Subaru planning new electric and hybrid models for the U.S. market
For the past two years, Subaru has been publicly reorganizing its corporate operations to prepare for decades of electrification. The automaker said it wanted 40% of its global sales to be electrified vehicles by 2030, built a new R&D center at its main factory in Gunma Prefecture, Japan, and created an engineering manufacturing division just for EVs. Even with that, at the end of 2021, company CEO Tomomi Nakamura said, “Based on how the market receives the new Solterra EV, we can plan for what kind of ratios (50-60 percent) we should target for EVs and hybrids.” The reception appears to be positive. Automotive News reports that Subaru’s SVP of corporate planning, Tomoaki Emori, told analysts during the latest earnings call that the latest electrification plan will get “strong hybrids and electric vehicles” to the U.S. market by 2025. He added that for the U.S. especially, “We will need to offer several models in our EV lineup” and, “We have shifted our weight toward that in our development.”
We don’t know what that means in the EV space beyond the Solterra. Near-term products, the kind that could be on the market by 2025, will be joint projects between Subaru and Toyota; the Solterra is Subaru’s version of the Toyota bX4X and is built at a Toyota factory. It’s thought to be another three or four years before Subaru can build its own EVs at its Gunma plant.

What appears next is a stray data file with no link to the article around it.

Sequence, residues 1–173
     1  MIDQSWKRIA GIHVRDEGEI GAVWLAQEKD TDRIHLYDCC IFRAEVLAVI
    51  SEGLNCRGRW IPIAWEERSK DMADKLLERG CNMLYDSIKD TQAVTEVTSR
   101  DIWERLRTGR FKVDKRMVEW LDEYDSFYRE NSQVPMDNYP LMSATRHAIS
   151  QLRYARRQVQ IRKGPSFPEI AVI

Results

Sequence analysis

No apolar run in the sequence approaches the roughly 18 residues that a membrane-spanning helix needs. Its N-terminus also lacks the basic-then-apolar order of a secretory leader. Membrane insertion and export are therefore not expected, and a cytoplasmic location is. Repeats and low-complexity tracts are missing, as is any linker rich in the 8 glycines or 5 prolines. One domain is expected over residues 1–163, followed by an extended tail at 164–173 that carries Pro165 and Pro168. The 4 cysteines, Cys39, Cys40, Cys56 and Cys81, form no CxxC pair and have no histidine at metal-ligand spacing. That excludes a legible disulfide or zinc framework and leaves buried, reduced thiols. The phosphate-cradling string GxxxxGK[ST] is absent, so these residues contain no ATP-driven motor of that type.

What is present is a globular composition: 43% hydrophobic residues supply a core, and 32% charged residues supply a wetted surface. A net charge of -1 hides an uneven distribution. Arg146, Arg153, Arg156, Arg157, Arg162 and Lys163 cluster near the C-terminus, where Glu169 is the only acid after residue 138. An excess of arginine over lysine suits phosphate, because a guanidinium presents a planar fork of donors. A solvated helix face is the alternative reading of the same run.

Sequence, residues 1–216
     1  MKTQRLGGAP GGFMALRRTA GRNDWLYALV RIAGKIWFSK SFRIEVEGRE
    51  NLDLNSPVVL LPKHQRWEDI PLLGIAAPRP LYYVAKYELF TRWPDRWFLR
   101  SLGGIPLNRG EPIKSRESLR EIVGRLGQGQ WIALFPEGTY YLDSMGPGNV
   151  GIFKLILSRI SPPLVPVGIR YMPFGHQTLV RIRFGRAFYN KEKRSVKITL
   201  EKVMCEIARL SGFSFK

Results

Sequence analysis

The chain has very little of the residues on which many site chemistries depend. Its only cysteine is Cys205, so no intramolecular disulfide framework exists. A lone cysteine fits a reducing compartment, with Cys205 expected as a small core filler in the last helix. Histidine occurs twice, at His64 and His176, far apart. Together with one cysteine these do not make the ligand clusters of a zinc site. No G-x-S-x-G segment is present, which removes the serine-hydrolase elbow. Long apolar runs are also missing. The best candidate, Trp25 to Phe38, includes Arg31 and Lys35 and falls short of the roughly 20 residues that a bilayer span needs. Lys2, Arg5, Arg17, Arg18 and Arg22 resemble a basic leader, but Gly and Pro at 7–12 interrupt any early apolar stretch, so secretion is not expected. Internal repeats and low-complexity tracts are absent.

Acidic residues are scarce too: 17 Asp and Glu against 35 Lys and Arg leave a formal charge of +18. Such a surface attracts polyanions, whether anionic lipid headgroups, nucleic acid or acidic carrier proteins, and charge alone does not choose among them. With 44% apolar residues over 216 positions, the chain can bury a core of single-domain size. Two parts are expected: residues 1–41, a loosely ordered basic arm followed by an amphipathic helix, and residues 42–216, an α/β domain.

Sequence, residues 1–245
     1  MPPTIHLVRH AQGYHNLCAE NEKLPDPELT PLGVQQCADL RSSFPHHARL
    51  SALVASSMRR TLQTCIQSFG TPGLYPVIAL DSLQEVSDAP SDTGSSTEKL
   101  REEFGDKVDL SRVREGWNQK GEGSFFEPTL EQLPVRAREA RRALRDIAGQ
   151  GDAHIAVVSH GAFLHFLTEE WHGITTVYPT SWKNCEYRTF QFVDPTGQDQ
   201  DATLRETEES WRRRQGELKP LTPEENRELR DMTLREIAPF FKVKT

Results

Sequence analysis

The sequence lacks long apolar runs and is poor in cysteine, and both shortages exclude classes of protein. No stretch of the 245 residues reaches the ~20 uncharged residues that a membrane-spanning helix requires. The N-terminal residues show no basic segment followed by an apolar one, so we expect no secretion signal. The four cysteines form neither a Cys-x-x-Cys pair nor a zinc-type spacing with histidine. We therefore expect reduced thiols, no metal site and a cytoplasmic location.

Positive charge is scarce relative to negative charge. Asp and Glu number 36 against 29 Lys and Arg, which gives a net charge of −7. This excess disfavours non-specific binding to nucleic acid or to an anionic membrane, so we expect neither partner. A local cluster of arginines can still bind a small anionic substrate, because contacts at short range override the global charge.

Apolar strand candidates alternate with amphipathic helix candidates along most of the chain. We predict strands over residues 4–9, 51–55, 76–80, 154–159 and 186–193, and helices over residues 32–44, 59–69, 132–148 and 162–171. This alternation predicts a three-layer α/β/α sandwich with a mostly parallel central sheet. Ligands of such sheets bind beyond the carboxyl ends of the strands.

Hybrids will also be collaborations, the first fruits anticipated with the sixth-gen Subaru Forester that might be just a year away. Subaru said it would take advantage of Toyota hybrid tech in the “mid 2020s,” and a Japanese rumor from late 2021 said the new wagon might nab the plug-in hybrid powertrain from the Toyota RAV4 Prime. Doing so would be a noteworthy advance on Subaru’s recent hybrid efforts here — the 2023 Crosstrek Hybrid is the last of that breed and dying out in the few states that sell it. Subaru said at the Chicago Auto Show that the new 2024 Crosstrek won’t get a PHEV version — blame the Solterra’s arrival and shifting state regulations.
Other products will pick up the PHEV torch after the Forester, but we don’t know which ones and in what order. We should find out more when Subaru updates its electrification map sometime this summer.